Sea ice trapped atmospheric carbon dioxide in the last ice age.
The last ice age locked atmospheric carbon dioxide into oceans, which has major implications for how the oceans and carbon dioxide may be linked in the future.
Ancient whales, such as
Janjucetus illustrated here, used their sharp teeth to capture and process their prey.
Ancient whales were neither gentle, nor giants: they were smaller than those of today and judging from their teeth, a lot meaner.
A shark’s nose is chemosensory only, and it doesn’t join up to the back of the throat like ours does.
Sharks can't sneeze like we do, but they can do other cool tricks -- like making their stomach stick out of their mouth to get rid of unwanted stuff.
Many African countries are sitting on vast and under-utilised oceanic territories that have the potential to unlock enormous economic value, if properly governed.
There is a great opportunity and imperative for Australia and Indonesia to join forces to solve critical challenges facing the ocean and coastal regions.
The two countries share huge marine resources and opportunities. At the same time both face increasing challenges to their oceans and coastal regions from climate change and over-exploitation.
Ship strikes can be deadly, as shown by this blue whale off the US northwest.
Craig Hayslip/Oregon State Univ./Flickr/Wikimedia Commons
Ships in Australian waters are getting bigger and more numerous all the time. We need a plan to help them avoid crashing into whales and other large sea creatures.
Watch out, there’s a mixotroph about.
They 'engulf living prey, suck out their innards, poison them, harpoon them, make them explode, and steal and reuse body parts'. And we ignore them at our peril.
Commerce and Sea Power, William Lionel Wyllie, 1898.
Guildhall Art Gallery
Laying the first telegraphy cable under the Atlantic was the Victorians' version of the Apollo mission – it caught the imagination of a generation.
Scientists are using detailed computer models of the ocean to trace debris back through the currents to the potential crash site.
Climate change isn't the only thing making sea levels higher and cyclones more intense.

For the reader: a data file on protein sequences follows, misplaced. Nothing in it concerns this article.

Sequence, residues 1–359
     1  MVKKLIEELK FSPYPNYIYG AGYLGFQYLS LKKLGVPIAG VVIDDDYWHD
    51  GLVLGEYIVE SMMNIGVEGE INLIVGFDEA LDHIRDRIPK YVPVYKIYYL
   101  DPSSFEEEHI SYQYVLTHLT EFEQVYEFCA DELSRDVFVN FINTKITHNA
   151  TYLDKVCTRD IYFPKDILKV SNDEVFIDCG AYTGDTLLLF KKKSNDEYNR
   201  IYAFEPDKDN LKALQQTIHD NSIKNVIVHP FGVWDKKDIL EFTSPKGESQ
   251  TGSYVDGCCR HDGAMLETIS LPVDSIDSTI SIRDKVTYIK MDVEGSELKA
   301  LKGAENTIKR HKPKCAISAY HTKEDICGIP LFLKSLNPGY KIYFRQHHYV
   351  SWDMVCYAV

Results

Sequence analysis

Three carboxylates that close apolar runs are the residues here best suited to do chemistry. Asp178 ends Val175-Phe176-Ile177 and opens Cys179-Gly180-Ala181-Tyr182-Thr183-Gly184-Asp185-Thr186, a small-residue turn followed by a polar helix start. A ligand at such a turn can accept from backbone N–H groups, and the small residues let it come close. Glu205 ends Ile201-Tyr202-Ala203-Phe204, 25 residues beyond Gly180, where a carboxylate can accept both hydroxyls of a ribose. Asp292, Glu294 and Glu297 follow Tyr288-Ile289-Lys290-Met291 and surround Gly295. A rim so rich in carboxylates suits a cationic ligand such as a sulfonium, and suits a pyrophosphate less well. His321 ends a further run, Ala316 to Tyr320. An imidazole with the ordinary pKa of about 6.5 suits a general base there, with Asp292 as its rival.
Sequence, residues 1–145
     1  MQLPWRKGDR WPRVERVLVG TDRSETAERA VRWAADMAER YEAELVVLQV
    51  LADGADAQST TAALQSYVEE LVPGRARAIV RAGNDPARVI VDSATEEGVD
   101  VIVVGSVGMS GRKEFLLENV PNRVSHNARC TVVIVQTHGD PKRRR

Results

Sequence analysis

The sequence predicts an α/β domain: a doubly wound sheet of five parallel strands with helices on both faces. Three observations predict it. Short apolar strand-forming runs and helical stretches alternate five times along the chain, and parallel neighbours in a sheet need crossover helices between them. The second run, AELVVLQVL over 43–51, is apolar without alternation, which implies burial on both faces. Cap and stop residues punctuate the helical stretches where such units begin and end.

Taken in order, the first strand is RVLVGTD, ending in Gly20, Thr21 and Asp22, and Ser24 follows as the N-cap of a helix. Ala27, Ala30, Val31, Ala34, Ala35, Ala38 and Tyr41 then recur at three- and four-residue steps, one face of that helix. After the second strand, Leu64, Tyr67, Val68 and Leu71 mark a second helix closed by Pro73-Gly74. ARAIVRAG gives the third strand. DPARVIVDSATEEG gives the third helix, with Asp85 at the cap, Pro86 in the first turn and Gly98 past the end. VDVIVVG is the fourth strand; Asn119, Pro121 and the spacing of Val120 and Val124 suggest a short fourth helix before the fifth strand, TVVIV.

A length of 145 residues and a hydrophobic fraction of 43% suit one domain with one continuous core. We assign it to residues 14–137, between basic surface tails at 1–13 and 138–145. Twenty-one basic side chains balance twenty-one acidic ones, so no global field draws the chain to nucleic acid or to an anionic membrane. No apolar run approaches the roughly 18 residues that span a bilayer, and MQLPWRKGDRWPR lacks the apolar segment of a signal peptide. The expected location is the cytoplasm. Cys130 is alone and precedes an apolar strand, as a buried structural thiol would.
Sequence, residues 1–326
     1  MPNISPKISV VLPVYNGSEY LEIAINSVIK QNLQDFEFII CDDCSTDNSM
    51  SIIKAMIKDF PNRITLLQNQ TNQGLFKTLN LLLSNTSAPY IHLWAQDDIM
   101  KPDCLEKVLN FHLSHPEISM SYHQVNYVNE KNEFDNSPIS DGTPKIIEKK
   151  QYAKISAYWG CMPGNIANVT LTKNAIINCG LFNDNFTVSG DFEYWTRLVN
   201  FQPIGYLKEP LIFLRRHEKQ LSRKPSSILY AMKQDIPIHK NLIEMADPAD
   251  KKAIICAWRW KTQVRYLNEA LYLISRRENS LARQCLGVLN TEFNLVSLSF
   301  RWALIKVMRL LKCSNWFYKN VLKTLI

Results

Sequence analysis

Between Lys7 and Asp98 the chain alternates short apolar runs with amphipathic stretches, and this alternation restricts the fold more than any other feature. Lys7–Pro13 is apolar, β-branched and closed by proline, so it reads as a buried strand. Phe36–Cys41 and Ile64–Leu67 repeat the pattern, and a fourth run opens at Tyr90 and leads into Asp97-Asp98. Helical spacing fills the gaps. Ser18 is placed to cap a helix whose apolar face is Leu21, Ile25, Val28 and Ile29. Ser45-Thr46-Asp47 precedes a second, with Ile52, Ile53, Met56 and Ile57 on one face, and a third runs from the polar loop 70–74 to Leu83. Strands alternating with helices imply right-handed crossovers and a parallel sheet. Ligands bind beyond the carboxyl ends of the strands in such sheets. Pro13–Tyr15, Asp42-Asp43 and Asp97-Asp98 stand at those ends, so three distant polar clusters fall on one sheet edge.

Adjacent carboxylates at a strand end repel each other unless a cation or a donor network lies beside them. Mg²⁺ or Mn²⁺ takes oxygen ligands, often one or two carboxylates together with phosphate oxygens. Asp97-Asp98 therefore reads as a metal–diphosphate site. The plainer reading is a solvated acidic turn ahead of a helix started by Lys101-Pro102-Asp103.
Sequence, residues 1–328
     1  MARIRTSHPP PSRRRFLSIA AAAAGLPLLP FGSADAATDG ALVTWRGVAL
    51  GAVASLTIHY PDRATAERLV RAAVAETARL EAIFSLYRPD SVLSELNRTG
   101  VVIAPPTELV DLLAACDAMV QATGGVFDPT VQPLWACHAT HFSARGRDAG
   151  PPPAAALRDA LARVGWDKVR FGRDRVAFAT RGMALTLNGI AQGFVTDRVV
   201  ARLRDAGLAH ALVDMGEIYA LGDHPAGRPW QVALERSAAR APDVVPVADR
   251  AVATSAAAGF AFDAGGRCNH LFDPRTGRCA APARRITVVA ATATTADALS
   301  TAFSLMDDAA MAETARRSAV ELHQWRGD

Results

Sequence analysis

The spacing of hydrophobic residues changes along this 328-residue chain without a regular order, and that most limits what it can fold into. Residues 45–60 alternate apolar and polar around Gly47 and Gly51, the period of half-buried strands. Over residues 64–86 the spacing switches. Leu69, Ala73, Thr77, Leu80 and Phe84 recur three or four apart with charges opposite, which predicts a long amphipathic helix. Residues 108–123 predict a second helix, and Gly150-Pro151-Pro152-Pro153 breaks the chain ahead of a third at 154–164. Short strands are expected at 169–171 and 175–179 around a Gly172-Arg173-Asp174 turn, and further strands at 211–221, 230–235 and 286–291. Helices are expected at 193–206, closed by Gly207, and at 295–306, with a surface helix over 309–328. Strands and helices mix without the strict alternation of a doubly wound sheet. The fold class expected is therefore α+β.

The mussel hustle.
Shellfish will have more brittle shells as oceans get more acidic – making them more vulnerable to predators. New research gives a fascinating glimpse into how they will adapt.
A portion of the East Antarctic Ice Sheet, called Wilkes Land, flowing into the ocean.
Michael Hambrey/Glaciers online net
The way ice sheets respond to global warming may be more predictable than previously thought
The land may be dry, but Western Australia’s waters are full of life.
The Great Barrier Reef might get all the attention, but what about our western coral reefs? Warmer waters and human impacts mean these reefs are in trouble.
A Japanese fish found in Washington after hitching a ride in a boat sent across the Pacific Ocean by the 2011 tsunami.
The 2011 Japan tsunami illustrates how more marine creatures are crossing the oceans than ever before - and not all of them are friendly travellers.
Microbes can act as canaries in the coalmine for ocean pollutants such as sewage.
There are more bacteria in the ocean than stars in the known universe. New genetic techniques are letting us use microbes as early warning systems for oceans in trouble from pollution and other stresses.
A new real-time measuring buoy can change the way the maritime industry operates.
Enhanced data collection capabilities will ensure that information collected from the coastline will be seamless.
Too many fish in our seas, like this Pacific bluefin tuna, are being lost to over-fishing – but better management can help.
Over-fishing is a massive environmental and economic challenge. Fortunately, there are new solutions being trialled – including in a tuna hotspot in the Pacific.
Expect to see more ships on the horizon, as global shipping booms. But how well are we measuring and governing what happens at sea?
As the world's land-based economies struggle with around 2% GDP growth, the global marine economy – often talked about as "the blue economy" – is a bright light on the horizon.
Gathering data at the calving front of the Ilulissat Glacier, Greenland.
To create accurate models that predict how ice sheets and oceans will react to changing climate, modelers need precise current data. One researcher heads to the ends of the earth to collect just that.
Satellite image showing clouds over the Greenland Sea downstream of the ice edge during conditions where there was a large transfer of heat and moisture from the ocean to the atmosphere.
Loss of sea ice near Greenland and Iceland portend a colder future for Europe.